Conclusion
DISH at the knee is likely to present with stiffness due to ossification of ligaments and the joint capsule. While performing TKA, more bone resection will be required both from the femur and tibia as the soft tissues have limited ability to stretch and accommodate the implants. The aim should be to fully correct the fixed flexion deformity during surgery as calcified soft tissue provides a minimal window for correction with rehabilitation.

Clinical Message
Suspect DISH in a case presenting with stiff knee and enthesophytes along with quadriceps tendon calcification. Extensive soft tissue release and additional bone resection may be required from both femur and tibia to achieve extension. The patient should be counseled regarding the limited range of motion after TKA due to unpliable nature of soft tissue envelope.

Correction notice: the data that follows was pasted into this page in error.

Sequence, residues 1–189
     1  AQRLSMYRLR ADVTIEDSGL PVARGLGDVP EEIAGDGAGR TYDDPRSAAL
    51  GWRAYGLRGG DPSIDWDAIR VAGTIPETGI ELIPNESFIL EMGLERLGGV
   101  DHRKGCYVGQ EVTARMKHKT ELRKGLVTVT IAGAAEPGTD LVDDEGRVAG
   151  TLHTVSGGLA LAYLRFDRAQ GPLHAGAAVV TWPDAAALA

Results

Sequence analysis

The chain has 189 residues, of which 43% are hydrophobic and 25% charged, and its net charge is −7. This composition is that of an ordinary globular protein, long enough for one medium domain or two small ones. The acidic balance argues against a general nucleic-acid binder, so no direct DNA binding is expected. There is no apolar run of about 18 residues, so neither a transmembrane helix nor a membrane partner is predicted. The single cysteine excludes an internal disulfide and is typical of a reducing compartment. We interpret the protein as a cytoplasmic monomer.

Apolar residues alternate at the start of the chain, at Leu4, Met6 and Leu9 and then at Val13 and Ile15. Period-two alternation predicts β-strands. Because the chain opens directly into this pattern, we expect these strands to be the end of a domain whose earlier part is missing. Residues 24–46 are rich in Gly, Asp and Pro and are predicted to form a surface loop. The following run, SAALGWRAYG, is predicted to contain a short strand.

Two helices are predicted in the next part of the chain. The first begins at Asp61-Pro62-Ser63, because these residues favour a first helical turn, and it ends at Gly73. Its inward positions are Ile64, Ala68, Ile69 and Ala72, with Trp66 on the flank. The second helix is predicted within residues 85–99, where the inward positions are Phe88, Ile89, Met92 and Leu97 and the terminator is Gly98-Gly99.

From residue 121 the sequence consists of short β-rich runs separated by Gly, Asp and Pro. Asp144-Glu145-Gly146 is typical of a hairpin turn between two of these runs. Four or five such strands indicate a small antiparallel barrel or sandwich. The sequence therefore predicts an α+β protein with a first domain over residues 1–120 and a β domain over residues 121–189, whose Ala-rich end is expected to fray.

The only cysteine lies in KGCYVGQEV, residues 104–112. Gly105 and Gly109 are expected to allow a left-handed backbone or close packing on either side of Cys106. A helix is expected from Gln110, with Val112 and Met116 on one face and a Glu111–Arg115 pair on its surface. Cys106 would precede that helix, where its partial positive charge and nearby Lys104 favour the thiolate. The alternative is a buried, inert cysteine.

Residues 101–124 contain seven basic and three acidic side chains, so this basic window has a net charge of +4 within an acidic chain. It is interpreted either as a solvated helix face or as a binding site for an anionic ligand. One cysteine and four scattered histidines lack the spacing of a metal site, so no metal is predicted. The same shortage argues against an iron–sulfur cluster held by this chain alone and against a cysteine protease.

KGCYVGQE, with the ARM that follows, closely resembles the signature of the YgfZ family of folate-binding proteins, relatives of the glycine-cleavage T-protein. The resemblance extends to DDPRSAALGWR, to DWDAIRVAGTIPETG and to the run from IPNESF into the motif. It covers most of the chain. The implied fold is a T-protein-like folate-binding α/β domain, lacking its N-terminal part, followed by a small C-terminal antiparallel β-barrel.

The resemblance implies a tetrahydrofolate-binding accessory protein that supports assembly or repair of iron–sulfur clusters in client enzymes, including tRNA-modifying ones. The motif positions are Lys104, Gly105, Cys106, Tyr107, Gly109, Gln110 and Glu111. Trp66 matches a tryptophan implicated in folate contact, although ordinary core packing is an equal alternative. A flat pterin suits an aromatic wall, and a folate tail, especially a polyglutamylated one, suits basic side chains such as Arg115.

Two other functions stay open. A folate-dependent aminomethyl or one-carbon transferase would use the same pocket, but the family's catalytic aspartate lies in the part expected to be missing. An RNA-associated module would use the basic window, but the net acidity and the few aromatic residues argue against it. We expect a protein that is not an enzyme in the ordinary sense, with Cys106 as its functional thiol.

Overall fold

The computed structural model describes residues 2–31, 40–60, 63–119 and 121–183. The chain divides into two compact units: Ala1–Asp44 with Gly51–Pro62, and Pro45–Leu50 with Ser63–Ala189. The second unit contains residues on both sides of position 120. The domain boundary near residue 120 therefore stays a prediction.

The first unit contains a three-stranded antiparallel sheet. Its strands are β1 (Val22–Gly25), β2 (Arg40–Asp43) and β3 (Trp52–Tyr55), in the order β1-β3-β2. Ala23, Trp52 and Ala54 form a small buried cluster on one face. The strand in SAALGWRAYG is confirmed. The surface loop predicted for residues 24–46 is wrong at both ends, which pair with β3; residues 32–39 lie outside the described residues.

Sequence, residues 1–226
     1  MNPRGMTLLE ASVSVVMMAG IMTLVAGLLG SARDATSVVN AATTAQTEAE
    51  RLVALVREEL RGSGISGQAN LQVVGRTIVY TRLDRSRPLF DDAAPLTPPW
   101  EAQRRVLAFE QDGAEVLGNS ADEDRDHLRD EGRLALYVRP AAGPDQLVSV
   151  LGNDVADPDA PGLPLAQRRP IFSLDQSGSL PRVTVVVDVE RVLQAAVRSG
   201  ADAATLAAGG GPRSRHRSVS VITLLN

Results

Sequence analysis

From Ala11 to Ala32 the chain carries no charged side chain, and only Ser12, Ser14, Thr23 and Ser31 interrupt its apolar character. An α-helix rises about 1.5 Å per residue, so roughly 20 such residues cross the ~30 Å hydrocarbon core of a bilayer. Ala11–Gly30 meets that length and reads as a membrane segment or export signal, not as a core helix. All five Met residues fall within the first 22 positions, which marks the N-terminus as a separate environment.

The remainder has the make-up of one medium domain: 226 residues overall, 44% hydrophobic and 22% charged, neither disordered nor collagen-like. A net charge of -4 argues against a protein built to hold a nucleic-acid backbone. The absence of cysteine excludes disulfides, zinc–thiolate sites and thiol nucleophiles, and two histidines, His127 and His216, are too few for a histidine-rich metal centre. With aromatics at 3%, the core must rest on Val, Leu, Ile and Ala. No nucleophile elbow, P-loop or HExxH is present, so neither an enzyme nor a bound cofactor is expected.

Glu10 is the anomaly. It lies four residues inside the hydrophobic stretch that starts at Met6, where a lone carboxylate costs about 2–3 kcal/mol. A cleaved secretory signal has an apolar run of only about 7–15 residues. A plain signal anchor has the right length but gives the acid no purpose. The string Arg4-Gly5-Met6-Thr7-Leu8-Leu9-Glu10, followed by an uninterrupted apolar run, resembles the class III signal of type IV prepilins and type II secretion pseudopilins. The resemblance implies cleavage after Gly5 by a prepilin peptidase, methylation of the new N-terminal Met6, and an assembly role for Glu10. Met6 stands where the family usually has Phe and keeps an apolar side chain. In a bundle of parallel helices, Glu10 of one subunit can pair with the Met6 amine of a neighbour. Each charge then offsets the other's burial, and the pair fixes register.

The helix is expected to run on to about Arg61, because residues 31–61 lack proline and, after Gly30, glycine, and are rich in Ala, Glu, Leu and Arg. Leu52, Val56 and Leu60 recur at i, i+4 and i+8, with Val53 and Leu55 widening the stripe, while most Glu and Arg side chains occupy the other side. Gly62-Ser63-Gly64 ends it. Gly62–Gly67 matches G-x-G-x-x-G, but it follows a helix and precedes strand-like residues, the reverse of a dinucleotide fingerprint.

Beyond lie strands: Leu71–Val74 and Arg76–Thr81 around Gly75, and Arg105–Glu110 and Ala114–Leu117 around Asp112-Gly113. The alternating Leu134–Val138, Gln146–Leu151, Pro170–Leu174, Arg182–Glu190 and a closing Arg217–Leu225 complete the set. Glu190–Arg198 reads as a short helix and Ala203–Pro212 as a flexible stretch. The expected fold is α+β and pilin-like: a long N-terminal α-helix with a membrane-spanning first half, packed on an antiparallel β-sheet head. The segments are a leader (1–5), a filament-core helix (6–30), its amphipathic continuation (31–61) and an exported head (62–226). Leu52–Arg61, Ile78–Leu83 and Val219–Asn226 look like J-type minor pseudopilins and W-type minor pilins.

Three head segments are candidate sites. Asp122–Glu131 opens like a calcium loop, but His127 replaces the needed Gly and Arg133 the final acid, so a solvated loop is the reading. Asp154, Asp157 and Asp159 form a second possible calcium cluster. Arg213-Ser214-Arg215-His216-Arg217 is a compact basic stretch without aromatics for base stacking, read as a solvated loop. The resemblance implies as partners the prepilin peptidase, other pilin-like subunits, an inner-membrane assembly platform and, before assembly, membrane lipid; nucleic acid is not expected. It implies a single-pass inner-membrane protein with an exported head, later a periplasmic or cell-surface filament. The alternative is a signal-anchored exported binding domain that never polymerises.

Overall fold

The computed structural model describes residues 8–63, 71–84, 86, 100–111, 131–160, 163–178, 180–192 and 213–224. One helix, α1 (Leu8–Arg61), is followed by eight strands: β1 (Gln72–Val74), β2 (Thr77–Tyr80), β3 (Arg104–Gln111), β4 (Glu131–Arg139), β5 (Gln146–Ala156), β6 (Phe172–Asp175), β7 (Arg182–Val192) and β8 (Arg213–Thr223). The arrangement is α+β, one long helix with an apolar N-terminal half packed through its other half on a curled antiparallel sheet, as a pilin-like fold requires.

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Dr. Anoop Jhurani  Dr. Piyush Agarwal   Dr. Mukesh Aswal Dr. Vishal Gupta 

How to Cite This Article: Jhurani A, Agarwal P, Aswal M, Gupta V. Total knee arthroplasty in a case of diffuse idiopathic skeletal hyperostosis; challenges in ligament balancing and deformity correction. Journal of Orthopaedic Case Reports 2019 May-June; 9(3): 34-38.